1Department of Dermatology, National Cheng Kung University Hospital, 2School of Medicine, College of Medicine, 3International Center for Wound Repair and Regeneration (iWRR), National Cheng Kung University, Tainan, Taiwan, 4Department of Dermatology, Hokkaido University Graduate School of Medicine, Sapporo, Japan, 5Institute of Molecular Medicine, College of Medicine, 6Center for Genomic Medicine, Innovation Headquarters, 7Institute of Clinical Medicine, 8Center of Clinical Medicine, National Cheng Kung University Hospital, College of Medicine, National Cheng Kung University, Tainan, Taiwan, 9St John’s Institute of Dermatology, King’s College London (Guy’s Campus), London, UK, 10Deparmtent of Genomic Medicine, National Cheng Kung University Hospital, College of Medicine, National Cheng Kung University, Tainan, Taiwan. *E-mail: firstname.lastname@example.org
Accepted Jul 6, 2021; E-pub ahead of print Jul 7, 2021
Acta Derm Venereol 2021; 101: adv00522.
Epidermolysis bullosa (EB) is a group of rare inherited blistering skin disorders, mostly caused by mutations in genes encoding structural proteins within the dermal-epidermal junction (DEJ) (1). Junctional EB (JEB) is one of the 4 classical subtypes characterized by blister formation within lamina lucida; inheritance is autosomal recessive underscored by bi-allelic mutations in LAMA3, LAMB3, LAMC2 (the laminin-332 genes), COL17A1 (type XVII collagen), ITGA6, ITGB4 or ITGA3 (α6, β4, α3 integrin subunits). Approximately 80% of patients with laminin-332-deficient JEB have mutations in LAMB3, encoding the β3 subunit of laminin-332, a heterotrimeric protein (α3, β3 and γ2 laminin polypeptides) at DEJ (2).
Although the laminin-332 molecular pathology in JEB may involve mutations in any of the LAMA3, LAMB3 or LAMC2 genes, it is unclear whether or how mutations in any of these genes affect the expression of the other 2 genes/proteins, and how this impacts on phenotype. We report 3 JEB patients presenting a variable degree of blistering, nail and teeth abnormalities (Fig. 1a) in whom we also explore the laminin-332 pathology in detail. Patient 1, a 29-year-old female, had recurrent erosions on thighs with persistent bacterial colonization. She also had nail dystrophy, corneal erosions, and dental enamel defects. Patient 2, a 16-year-old boy, had blisters, eczematous plaques on legs, nail dystrophy, but no visible enamel anomaly. Patient 3, an 18-month-old girl, had mild generalized blistering at birth with gradual spontaneous improvement. All her nails were dystrophic, with teeth being difficult to evaluate because only deciduous teeth were present.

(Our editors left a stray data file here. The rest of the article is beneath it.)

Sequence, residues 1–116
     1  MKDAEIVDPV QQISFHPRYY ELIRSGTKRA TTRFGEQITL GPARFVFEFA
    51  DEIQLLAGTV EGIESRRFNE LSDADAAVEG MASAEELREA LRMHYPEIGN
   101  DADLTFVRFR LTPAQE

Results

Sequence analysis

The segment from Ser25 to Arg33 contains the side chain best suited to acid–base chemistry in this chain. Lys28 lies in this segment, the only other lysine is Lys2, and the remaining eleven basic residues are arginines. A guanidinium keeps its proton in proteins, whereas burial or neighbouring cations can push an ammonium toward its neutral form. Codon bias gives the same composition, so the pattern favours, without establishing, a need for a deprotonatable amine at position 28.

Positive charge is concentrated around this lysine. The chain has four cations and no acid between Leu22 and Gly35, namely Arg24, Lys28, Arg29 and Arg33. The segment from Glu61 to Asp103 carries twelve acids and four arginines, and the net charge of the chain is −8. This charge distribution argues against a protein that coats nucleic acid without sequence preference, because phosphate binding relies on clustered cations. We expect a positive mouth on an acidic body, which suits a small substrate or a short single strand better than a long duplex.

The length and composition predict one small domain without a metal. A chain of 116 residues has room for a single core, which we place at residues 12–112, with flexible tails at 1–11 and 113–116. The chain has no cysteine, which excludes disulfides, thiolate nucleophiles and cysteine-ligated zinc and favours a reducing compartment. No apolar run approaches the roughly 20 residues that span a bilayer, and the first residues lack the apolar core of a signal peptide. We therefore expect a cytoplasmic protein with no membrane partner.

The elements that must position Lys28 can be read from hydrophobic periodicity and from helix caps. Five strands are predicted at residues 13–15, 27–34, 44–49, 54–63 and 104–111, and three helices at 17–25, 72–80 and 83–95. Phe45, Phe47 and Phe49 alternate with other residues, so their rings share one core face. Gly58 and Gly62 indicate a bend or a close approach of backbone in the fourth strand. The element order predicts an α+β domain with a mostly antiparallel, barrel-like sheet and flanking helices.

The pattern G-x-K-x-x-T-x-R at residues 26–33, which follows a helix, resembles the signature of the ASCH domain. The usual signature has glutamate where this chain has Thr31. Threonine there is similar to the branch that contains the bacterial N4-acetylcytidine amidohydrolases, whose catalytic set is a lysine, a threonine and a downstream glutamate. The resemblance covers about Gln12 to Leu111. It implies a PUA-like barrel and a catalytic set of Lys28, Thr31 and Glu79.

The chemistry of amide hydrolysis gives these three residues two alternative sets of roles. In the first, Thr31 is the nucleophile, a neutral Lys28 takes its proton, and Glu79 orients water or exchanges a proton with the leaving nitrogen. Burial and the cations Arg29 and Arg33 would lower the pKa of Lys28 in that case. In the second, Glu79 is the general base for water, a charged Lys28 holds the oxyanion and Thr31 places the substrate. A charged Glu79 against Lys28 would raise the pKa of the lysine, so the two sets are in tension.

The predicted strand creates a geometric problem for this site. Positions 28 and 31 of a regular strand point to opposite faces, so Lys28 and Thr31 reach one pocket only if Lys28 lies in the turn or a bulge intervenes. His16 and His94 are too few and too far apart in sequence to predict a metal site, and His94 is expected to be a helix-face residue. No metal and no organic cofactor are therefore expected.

Fig. 1. Clinical presentations and mutational analyses. (a) Diverse clinical manifestations of blisters, nail, and teeth abnormalities in the 3 patients with junctional epidermolysis bullosa. (b) All 3 cases carried compound heterozygous mutations in LAMB3 (NM_000228.3). Patient 1 carried c.373-9T>A (IVS6-9T>A) and c.3119G>A (p.Trp1040Ter); Patient 2 had c.629-12T>A (IVS8-12T>A) and c.3512G>A (p.Cys1171Tyr); Patient 3 harboured c.629-12T>A (IVS8-12T>A) and c.2137+1G>T (IVS15+1G>T). WT: wild type. Sanger sequencing results are shown in Fig. S1a. (c) Reverse-transcription PCR and Sanger sequencing confirmed the interference with LAMB3 mRNA splicing by all 3 splice-site mutations: c.373-9T>A caused the skipping of the entire exon 6; c.629-12T>A led to the retention of the first 10 bp in intron 7; c.2137+1G>T resulted in the skipping of exon 15.
Using whole-exome sequencing, compound heterozygous mutations in LAMB3 (NM_000228.3) were identified in all 3 cases: Patient 1: c.373-9T>A and c.3119G>A (p.Trp1040Ter); Patient 2: c.629-12T>A and c.3512G>A (p.Cys1171Tyr); Patient 3: c.629-12T>A and c.2137+1G>T (Fig. 1b, Fig. S1a). Among them, c.3119G>A, c.3512G>A and c.629-12T>A were reported (3). Reverse-transcription PCR and Sanger sequencing confirmed the interference with LAMB3 mRNA splicing by all 3 splice-site mutations: c.373-9T>A led to exon 6 skipping, causing in-frame deletion; c.629-12T>A caused retention of the first 10 bp in intron 7; and c.2137+1G>T resulted in exon 15 skipping, both of which caused frameshifts and downstream premature termination codons (Fig. 1c). Microfluidic electrophoresis demonstrated leakiness of all 3 splicing variants: mutant versus wild-type transcript level was 40:1 for c.373-9T>A, 1:3–1:7 for c.629-12T>A, and 3:1 for c.2137+1G>T (Fig. S1b). Immunofluorescence microscopy (IFM) demonstrated either absence or decreased staining for β3 and γ2 subunits, whereas α3 subunit immunoreactivity showed linear labelling (Fig. S2a). Quantitative PCR (Q-PCR) revealed significant decrease in LAMA3, LAMB3, LAMC2 transcripts (Fig. S2b). To investigate whether LAMA3 and LAMC2 reduction is reproducible in cultured keratinocytes, siRNA knockdown of LAMB3 in normal human epidermal keratinocytes was performed. Knockdown efficiency was greater than 90%, and LAMA3 transcripts were significantly reduced. LAMC2 was modestly reduced by 1 of the 2 LAMB3 siRNAs. The interference by LAMB3 knockdown was exclusive to laminin-332, since the transcription of other laminin genes expressed in keratinocytes and at DEJ, LAMA5, LAMB1, LAMC1, was unaffected (Fig. S2c). For further details, please see Appendix S1.